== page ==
Loyalty Vs Treason

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Offline Colin

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Loyalty Vs Treason
« on: November 01, 2014, 07:43:16 PM »
What bench marks do we have to help us decide between Loyalty and Treason?
What is it to be loyal to one’s country or to betray one’s country?

In the United Kingdom we have a Parliamentary democracy headed by the King or Queen, how does Parliament work?

Parliament is made up of three things, the House of Commons in which our elected representatives sit. The House of Lords in which the Lords Spiritual,(the Bishops) the Lords Temporal (the Barons) sit and the King or Queen who sits in the House of Lords being the top Baron in the Kingdom.

It has become convention since 1420 for the House of Commons to start legislation, which then goes to the House of Lords, who vet the legislation accept it, reject it or send it back to the House of Commons with recommendations how it should be amended. If it passes through both Houses it is then put before the King for the Royal Assent. When it gets the assent from the King it then becomes law.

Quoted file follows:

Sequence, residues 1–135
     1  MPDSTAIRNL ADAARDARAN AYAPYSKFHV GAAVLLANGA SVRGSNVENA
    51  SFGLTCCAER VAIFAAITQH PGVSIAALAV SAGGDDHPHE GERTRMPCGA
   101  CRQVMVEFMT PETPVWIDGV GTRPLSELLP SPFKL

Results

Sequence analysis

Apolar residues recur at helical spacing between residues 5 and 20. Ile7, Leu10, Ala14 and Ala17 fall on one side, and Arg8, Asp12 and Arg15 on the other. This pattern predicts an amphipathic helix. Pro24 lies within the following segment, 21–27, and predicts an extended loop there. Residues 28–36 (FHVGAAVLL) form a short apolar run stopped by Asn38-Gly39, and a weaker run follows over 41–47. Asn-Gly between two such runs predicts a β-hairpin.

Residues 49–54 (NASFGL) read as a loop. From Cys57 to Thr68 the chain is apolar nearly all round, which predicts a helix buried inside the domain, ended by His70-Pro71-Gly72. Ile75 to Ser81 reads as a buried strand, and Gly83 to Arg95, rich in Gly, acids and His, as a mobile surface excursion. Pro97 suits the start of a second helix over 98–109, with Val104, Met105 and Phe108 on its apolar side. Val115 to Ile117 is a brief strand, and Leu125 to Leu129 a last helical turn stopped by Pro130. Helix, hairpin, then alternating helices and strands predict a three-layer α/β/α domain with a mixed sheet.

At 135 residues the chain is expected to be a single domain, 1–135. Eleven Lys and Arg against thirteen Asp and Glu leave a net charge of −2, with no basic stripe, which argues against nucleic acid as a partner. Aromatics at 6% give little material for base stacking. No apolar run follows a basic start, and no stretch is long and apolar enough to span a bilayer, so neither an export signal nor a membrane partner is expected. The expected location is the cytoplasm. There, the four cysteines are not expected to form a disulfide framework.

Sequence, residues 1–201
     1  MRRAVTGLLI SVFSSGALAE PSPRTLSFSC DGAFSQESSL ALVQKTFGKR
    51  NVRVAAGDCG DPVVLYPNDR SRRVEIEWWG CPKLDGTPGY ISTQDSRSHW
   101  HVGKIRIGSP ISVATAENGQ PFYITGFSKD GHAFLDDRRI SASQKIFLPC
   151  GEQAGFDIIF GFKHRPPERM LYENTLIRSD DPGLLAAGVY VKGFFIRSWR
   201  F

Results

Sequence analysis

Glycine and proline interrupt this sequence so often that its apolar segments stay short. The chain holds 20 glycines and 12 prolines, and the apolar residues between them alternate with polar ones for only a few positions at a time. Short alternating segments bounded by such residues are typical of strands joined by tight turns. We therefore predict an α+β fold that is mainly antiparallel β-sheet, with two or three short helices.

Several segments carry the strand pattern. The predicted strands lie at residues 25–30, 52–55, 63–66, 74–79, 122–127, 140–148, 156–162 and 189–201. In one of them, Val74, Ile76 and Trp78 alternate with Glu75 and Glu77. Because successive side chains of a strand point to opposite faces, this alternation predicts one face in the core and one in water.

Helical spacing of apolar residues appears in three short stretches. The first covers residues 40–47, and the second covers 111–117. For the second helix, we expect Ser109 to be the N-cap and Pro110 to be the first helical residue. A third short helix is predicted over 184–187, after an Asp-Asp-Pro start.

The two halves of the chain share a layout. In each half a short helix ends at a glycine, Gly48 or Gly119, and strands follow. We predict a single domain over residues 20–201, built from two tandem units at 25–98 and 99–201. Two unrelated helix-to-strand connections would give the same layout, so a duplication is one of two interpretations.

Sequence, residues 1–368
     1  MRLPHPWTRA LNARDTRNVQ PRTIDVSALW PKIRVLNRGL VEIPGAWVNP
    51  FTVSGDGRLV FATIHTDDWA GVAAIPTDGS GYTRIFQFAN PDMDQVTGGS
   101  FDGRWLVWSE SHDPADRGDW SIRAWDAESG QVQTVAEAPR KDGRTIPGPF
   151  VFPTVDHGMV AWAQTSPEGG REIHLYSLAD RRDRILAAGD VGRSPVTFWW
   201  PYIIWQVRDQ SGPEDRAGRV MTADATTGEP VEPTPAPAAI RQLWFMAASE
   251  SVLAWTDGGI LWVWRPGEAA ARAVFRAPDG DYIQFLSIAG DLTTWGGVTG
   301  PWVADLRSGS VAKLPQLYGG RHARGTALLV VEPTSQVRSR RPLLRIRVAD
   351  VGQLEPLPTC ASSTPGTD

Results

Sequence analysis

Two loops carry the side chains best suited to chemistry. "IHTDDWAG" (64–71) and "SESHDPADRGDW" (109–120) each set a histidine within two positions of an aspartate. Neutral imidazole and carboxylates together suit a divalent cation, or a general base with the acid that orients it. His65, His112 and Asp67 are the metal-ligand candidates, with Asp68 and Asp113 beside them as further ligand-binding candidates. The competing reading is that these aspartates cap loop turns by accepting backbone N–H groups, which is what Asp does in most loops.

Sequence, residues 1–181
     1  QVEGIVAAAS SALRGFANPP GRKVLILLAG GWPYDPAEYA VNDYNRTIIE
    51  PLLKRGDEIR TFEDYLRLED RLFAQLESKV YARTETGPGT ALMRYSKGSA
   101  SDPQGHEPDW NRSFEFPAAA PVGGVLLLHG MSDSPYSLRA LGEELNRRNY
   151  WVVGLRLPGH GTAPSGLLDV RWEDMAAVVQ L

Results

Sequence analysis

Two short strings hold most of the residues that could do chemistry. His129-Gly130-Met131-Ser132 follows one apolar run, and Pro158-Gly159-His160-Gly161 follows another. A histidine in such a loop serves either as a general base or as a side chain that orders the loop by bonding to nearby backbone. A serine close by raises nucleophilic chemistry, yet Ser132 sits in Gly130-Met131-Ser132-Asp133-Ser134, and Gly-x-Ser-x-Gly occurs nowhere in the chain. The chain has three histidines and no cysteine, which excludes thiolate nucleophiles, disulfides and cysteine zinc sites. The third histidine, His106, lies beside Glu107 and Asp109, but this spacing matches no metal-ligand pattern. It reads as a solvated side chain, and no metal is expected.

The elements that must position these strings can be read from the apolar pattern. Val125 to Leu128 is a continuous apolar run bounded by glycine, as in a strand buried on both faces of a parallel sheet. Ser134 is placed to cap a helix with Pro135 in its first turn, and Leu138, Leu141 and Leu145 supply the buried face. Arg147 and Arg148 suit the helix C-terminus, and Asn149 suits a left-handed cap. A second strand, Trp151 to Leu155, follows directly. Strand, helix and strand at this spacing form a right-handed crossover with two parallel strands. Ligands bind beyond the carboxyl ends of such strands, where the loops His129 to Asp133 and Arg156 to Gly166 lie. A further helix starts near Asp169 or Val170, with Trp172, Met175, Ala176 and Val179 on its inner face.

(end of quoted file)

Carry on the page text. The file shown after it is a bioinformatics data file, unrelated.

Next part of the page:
The King is born of the Common Law, he is part hereditary part elected. The King has advisors who were originally the important men in the Kingdom, these developed into the Saxon Witan and the Witan into a Parliament as we now know it. This is how it should work.

There are different types of law the oldest being the common law which started out as a set of rules to allow people to live together in harmony and there is constitutional law. This in large measure is a confirmation of the rules of the common law by the King and by a charter. Such constitutional laws are the Charter of Liberties 1100, Magna Carta 1215, the Petition of Right 1628, and the 1689 Bill of Rights. Then there is statute law. There is a great deal of misunderstanding of statute law. Parliament itself was born of the common law and the common law gave Parliament the right to clarify the common law. As society developed the common law was unable to supply a remedy for cases of wrongdoing. Therefore Parliament made law by statute to provide a new remedy. Statute law is real law, but only as long as the statute complies with the spirit of the common law. Which can be very basically described as do no harm.

more here: http://www.englishconstitutiongroup.org/loyalty-v-treason/

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